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Oct 2009
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October 20, 2009

New IRS Considerations Regarding Over-the-Counter Items as Medical Care Expenses

The IRS recently provided new guidance on whether certain over-the-counter pharmacy purchases are eligible for reimbursement through a health care Flexible Spending Account (FSA) and Health Reimbursement Account (HRA).

FSAs and HRAs may reimburse participants for certain medical care expenses. In order to qualify as a medical care expense, the expense must be for medical care as defined under Tax Code § 213(d). In general, expenses qualify as medical care if they are "for the diagnosis, cure, mitigation, treatment, or prevention of disease, or for the purpose of affecting any structure or function of the body[.]"

Items purchased only for medical purposes will qualify as medical care. However, items purchased for personal purposes will not. A problem arises when an item could have a medical or a personal purpose. These items are described as dual-purpose items.

In its guidance, the IRS summarizes the objective factors that you must consider when determining if an expense for a dual-purpose item qualifies as medical care. These factors include:

  • The purchaser's motive or purpose,

     
  • A physician's recommendation that the item be used as treatment for a medical condition,

     
  • The link between treatment and illness,

     
  • The treatment's effectiveness, and

     
  • The proximity of onset or recurrence of a medical condition.

In addition, the purchaser must prove that the expense would not have been paid "but for" the medical condition.

The IRS identifies a number of over-the-counter items that normally will not qualify for medical care, unless the item is used "to treat or alleviate a disease or injury" and the "but for" test is met. These items include sunscreen, face masks, skin products, antibacterial hand sanitizers, fluoride rinses, petroleum jelly, fiber supplements, and probiotics to maintain general health. Your plan should normally not reimburse these items, and when it does, it will need to carefully substantiate that these costs qualify as medical care expenses.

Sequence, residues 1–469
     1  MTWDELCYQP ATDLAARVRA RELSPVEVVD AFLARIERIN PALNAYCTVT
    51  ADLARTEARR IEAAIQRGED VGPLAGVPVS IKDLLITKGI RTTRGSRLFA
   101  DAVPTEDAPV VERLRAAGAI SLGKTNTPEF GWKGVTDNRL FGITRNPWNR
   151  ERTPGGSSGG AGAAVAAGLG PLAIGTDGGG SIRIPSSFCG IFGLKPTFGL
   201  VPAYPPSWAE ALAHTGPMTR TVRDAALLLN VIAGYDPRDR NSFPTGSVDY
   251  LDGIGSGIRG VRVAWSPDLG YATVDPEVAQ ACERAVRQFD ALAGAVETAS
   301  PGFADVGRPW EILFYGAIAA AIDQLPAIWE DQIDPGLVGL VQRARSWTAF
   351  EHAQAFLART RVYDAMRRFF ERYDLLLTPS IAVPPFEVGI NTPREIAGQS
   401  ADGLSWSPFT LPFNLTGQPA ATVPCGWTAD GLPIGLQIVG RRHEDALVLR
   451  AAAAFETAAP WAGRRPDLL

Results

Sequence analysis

The IRS guidance also highlights other types of goods that require additional inquiry. For example, wheelchair cushions may be a necessary accessory to a wheelchair. Also, the excess cost of specialty clothing used to treat a specific disease, such as diabetic socks, compression hose, or orthopedic shoes, may qualify as a medical care expense, to the extent that such costs exceed the cost of normal clothing. While the cost of food normally is not a medical care expense, whether the cost for food thickeners is a medical care expense is determined on a case-by-case basis. In each of these circumstances, you will need to document that the item is medical care and that the "but for" test is met.

On the other hand, the IRS notes that treatments for acne, incontinence, arthritis, constipation, colds and sinus problems, dehydration, indigestion, and support braces and shoe inserts for injured or weakened body parts, will generally qualify for reimbursement. In addition, products that have no purpose but to treat existing skin conditions (in contrast to preventing the development of the condition), such as eczema treatments, will generally qualify for reimbursement.

While the IRS guidance adds some certainty, it also reminds us that for many over-the-counter items, reimbursement cannot be automatic. If you decide to cover the expenses of dual-purpose items as part of your FSA or HRA benefit program, you must ask questions necessary to verify that those expenses are reimbursable medical expenses.

If you have any questions regarding reimbursement of expenses under an FSA or HRA program, please contact a member of the WNJ Employee Benefits Practice Group.
 

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